Ugh! Did I See PURPLE Near Manchaug Pond?!

Last weekend, driving on Manchaug Road at the edge of Areas 1 and 2, I thought I saw PURPLE on the side of the road farthest from the lake. See it in this photo – look close as it is tiny and almost finished flowering!

My fear was/is Purple loosestrife! A perennial which is flowering now and common along moist roadsides, and small ponds and lake edges. Within a few years an entire pond can become a sea of PURPLE! No exaggeration on my part either! Just think of the fish hatchery ponds on West Sutton Road in Sutton. Clearly smaller than Manchaug, but we don’t need our coves loaded with this!

Anyway, I pulled both plants and figured better to be safe and properly identify it later!

Here’s the official word on the HIGHLY INVASIVE weed Loosestrife (and there are a number of different species some showy, some not):

“Purple loosestrife is a wetland plant from Europe and Asia. It was introduced into the east coast of North America in the 1880s. First spreading along roads, canals, and drainage ditches, then later distributed as an ornamental, this exotic plant is in 40 states and all Canadian border provinces.

Purple loosestrife invades marshes and lakeshores, replacing cattails and other wetland plants. The plant can form dense, impenetrable stands which are unsuitable as cover, food, or nesting sites for a wide range of native wetland animals including ducks, geese, rails, bitterns, muskrats, frogs, toads, and turtles. Many rare and endangered wetland plants and animals are also at risk.

Adult height: 2 to 7 feet.

Purple loosestrife thrives on disturbed, moist soils, often invading after some type of construction activity. Eradicating an established stand is difficult because of an enormous number of seeds in the soil. One adult plant can disperse 2 million seeds annually. The plant is able to resprout from roots and broken stems that fall to the ground or into the water.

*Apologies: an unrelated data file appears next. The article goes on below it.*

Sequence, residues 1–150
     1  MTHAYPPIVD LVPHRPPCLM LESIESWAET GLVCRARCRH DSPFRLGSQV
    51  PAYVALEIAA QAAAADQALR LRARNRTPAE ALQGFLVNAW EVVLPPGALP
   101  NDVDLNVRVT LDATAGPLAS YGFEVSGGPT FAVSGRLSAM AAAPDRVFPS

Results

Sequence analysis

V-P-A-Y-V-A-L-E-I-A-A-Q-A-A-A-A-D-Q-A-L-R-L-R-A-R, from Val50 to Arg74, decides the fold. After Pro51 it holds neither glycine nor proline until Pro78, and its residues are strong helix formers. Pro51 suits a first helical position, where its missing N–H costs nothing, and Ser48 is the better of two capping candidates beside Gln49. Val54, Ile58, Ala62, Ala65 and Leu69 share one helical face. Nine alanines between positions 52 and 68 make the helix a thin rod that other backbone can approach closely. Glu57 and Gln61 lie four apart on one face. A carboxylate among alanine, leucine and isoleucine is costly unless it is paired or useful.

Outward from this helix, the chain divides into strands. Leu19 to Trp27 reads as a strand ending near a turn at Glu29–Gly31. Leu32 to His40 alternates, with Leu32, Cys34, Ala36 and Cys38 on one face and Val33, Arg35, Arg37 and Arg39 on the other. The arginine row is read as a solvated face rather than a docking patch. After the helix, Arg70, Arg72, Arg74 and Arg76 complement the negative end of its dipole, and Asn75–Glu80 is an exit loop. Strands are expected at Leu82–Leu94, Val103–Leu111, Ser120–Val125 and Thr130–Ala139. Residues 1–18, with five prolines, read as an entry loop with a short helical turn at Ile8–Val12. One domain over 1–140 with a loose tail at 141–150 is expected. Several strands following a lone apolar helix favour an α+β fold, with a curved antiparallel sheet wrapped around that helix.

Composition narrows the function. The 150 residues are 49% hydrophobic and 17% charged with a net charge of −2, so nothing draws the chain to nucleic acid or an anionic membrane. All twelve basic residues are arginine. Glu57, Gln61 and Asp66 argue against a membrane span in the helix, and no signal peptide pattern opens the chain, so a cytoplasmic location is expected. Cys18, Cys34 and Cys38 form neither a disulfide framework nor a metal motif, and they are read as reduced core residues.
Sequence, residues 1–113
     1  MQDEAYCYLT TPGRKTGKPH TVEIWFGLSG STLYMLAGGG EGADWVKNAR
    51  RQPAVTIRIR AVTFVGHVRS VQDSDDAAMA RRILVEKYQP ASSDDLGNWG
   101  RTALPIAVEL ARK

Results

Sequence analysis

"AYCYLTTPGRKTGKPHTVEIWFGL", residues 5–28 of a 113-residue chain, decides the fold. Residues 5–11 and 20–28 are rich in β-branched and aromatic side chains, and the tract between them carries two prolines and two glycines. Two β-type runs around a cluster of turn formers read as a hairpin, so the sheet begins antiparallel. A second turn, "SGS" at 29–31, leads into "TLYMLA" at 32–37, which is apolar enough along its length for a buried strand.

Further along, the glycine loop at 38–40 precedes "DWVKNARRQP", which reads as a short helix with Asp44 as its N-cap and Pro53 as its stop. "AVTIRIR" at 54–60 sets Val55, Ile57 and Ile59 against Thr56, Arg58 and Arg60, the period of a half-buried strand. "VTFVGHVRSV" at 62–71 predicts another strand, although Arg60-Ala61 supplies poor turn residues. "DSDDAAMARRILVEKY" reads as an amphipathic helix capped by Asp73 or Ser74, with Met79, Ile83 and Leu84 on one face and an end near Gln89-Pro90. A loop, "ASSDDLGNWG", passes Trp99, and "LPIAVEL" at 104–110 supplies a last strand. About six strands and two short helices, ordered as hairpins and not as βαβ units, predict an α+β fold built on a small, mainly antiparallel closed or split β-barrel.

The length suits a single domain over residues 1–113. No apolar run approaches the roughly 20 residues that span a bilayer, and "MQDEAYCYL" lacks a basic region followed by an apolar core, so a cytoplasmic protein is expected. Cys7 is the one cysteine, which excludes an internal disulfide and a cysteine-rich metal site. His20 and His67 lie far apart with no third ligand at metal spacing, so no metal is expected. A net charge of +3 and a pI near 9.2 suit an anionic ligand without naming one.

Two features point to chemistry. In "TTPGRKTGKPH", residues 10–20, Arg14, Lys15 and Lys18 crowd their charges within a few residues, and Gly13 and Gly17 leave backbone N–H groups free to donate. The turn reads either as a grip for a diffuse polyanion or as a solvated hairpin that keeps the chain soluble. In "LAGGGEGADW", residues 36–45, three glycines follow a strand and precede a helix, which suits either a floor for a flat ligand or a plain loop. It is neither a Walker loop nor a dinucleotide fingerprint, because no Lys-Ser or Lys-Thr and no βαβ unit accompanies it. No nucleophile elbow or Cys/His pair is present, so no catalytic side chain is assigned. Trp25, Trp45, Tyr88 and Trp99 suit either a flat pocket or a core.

A major reason for purple loosestrife’s expansion is a lack of effective predators in North America. Several European insects that only attack purple loosestrife are being tested as a possible long-term biological control of purple loosestrife in North America.

Clean boats, clean waters…

If you are a water recreationalist — boater, angler, water-skier, scuba-diver, sailor, or canoeist — there are some important things you can do to prevent the transport of harmful exotic species from one lake or river to another. In some states and provinces it is illegal to transport harmful exotic species.

* Inspect your boat, trailer, and boating equipment (anchors, centerboards, rollers, axles) and remove any plants and animals that are visible before leaving any waterbody.
* Drain water from the motor, livewell, blige, and transom wells while on land before leaving any waterbody.
* Empty your bait bucket on land before leaving the waterbody. Never release live bait into a waterbody, or release aquatic animals from one waterbody into another.
* Wash and dry your boat, tackle, downriggers, trailer, and other boating equipment to kill harmful species that were not visible at the boat launch. This can be done on your way home or once you have returned home. Some aquatic nuisance species can survive more than 2 weeks out of the water, so it is important to:
o rinse your boat and equipment that normally get wet with HOT (at least 40°C or 104°F) tap water; or
o spray your boat and trailer with high-pressure water; or
o dry your boat and equipment for at least 5 days, before transporting to another waterbody.
* Learn what these organisms look like (at least those you can see). If you suspect a new infestation of an exotic plant or animal, report it to your natural resource agency.
* Consult your natural resource agency for recommendations and permits before you try to control or eradicate an exotic “pest.” Remember, exotic “pest” species thrive on disturbance. Do-it-yourself control treatments often make matters worse and can harm native species.”

SO if you see PURPLE in Manchaug’s watershed – STOP the car, PULL the plant and DISPOSE of it. Do not composted it! Let us each be diligent to keep Manchaug Pond loosestrife free!

Click the title/link for more info!